The report was “prepared from the testimonies that have been collected in the offices [of the protection of minors and abuse prevention], without assuming or proving innocence or guilt.”

The Spanish Bishops’ Conference (CEE) also acknowledged that in the account it presented “it’s possible that there are some duplications of testimonies.”

The complaints indicate 728 alleged perpetrators including 170 diocesan priests and 208 ordained religious, 234 non-ordained men and women religious, one deacon, 92 laypeople, and 23 people whose state is unknown.

Most abuse was of homosexual nature

According to the data provided by the CEE, the majority of those accused are men (99.4%) and in more than eight out of 10 cases the abuse was of a homosexual nature.

In most cases it is unknown if the perpetrator is alive or dead, but of those cases where it was indicated, 63% are dead.

The report indicates that 80% of the cases occurred before 1990 and that seven out of 10 took place in the 20th century.

The 1970s was the decade with the most cases of abuse.

Nearly half of the reported abuses (46.96%) took place in a school setting and slightly more than 15% in a parish environment, with another 14.57% in “seminaries, boarding schools, or choirs.”

The Spanish Bishops’ Conference noted that the Church in Spain has 202 open offices prepared to receive complaints of this type, of which 53 are diocesan, four interdiocesan, and three reception centers.

In addition, 121 religious congregations have launched 142 such offices.

This story was first published by ACI Prensa, CNA’s Spanish-language news partner. It has been translated and adapted by CNA.

Fort Worth bishop dismisses Carmelite mother superior in latest in Texas monastery-diocese dispute

The Reverend Mother Superior Teresa Agnes Gerlach of the Monastery of the Most Holy Trinity in Arlington, Texas. / Credit: Monastery of the Most Holy Trinity Discalced Carmelite Nuns

Washington, D.C. Newsroom, Jun 2, 2023 / 12:40 pm (CNA).

Bishop Michael Olson of Fort Worth, Texas, issued a decree Thursday dismissing Reverend Mother Teresa Agnes Gerlach from religious life following a nearly six-week-long investigation into an alleged sexual affair involving a priest.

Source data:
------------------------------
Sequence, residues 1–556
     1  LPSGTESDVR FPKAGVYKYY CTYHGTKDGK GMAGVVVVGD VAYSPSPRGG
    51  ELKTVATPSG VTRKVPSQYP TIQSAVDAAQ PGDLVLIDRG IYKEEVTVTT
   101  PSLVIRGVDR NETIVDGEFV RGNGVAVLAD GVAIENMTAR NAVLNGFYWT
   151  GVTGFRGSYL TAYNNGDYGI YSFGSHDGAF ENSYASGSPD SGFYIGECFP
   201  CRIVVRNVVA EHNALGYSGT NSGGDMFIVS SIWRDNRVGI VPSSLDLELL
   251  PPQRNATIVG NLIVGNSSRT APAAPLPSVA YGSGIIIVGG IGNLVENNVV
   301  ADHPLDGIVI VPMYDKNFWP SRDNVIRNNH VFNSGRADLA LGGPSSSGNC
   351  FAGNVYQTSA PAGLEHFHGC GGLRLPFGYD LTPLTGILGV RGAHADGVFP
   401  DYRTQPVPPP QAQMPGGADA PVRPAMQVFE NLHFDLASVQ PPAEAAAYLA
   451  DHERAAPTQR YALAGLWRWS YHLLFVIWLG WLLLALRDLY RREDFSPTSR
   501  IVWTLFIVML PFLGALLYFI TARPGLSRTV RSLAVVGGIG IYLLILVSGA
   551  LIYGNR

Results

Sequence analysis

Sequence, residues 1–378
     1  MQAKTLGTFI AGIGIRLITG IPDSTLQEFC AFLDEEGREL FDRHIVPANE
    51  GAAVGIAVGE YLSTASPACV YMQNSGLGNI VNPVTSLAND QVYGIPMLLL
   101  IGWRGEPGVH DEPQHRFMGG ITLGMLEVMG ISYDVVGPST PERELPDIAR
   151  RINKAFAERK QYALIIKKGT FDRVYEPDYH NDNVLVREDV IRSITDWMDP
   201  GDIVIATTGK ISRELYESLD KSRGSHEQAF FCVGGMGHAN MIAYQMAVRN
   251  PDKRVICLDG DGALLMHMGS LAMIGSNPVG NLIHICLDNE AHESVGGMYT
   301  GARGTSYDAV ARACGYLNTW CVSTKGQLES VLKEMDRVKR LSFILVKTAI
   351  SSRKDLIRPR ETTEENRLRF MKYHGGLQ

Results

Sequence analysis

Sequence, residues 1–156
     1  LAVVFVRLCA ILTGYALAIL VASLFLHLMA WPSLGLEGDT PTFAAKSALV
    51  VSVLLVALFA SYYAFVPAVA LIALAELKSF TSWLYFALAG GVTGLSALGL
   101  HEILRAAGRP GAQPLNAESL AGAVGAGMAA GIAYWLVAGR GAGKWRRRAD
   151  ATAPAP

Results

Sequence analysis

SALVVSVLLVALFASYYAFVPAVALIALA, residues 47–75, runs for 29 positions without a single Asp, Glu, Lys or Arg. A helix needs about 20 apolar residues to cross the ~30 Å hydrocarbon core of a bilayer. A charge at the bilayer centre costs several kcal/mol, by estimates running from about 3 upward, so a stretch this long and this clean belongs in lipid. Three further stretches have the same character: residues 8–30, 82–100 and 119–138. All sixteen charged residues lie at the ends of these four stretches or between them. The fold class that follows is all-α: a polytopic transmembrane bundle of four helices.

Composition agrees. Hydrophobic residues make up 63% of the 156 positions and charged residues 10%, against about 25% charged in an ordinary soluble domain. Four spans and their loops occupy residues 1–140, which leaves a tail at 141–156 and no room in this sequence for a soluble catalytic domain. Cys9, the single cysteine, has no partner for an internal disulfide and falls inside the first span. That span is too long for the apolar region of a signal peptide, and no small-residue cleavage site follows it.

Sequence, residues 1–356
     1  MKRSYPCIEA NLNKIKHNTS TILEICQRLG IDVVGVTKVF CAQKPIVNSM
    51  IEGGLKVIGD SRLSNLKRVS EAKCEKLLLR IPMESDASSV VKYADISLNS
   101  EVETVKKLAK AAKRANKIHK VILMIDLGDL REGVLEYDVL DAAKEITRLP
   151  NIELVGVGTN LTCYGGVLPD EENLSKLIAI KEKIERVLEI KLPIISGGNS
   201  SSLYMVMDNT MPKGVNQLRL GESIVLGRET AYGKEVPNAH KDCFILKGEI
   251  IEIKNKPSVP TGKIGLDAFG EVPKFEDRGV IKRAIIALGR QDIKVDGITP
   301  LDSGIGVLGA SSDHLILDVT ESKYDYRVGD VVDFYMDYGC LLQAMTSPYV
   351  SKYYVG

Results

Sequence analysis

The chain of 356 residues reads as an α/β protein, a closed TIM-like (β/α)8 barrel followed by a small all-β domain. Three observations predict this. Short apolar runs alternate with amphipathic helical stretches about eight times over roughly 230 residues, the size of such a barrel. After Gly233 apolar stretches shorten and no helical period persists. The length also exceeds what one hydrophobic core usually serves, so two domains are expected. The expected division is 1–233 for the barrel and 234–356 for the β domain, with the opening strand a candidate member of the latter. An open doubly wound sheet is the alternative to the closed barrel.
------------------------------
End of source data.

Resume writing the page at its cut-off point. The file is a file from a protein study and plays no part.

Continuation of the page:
In his decree, Olson announced he had found Gerlach, prioress of the Monastery of the Most Holy Trinity in Arlington, “guilty of having violated the sixth commandment of the Decalogue and her vow of chastity with a priest from outside the Diocese of Fort Worth.”

Based on this finding, as the pontifical commissary with authority over the monastery, Olson said he is dismissing Gerlach from the Order of Discalced Carmelites.

According to the decree, Gerlach has 30 days to appeal the decision to the Vatican’s Dicastery for Institutes of Consecrated Life and Societies of the Apostolic Life.

In a separate statement, the diocese also announced that daily Mass and regular confession at the monastery would soon be reinstated following the investigation’s conclusion. 

The actions are the latest in an ongoing dispute between Olson and the Texas Carmelite Monastery. 

Matthew Bobo, the attorney representing the monastery in its civil lawsuit against the diocese, responded to the bishop’s decree, saying: “Bishop Michael Olson’s decision is unjust and unconscionable in the light of moral, canonical, and natural law.”

“Mother Superior will be appealing this immoral and unjust decision that is not subject to canonical action,” Bobo said.

“In addition, the civil lawsuit will accelerate and continue full speed ahead,” Bobo noted.

The dispute began in late April when the diocese launched a canonical investigation into an alleged sexual affair between Gerlach and an unnamed priest. 

The reverend mother and the monastery filed a civil lawsuit on May 3 against the bishop and the diocese, accusing them of confiscating the reverend mother’s computer, cellphone, and laptop and subjecting nuns to lengthy questioning.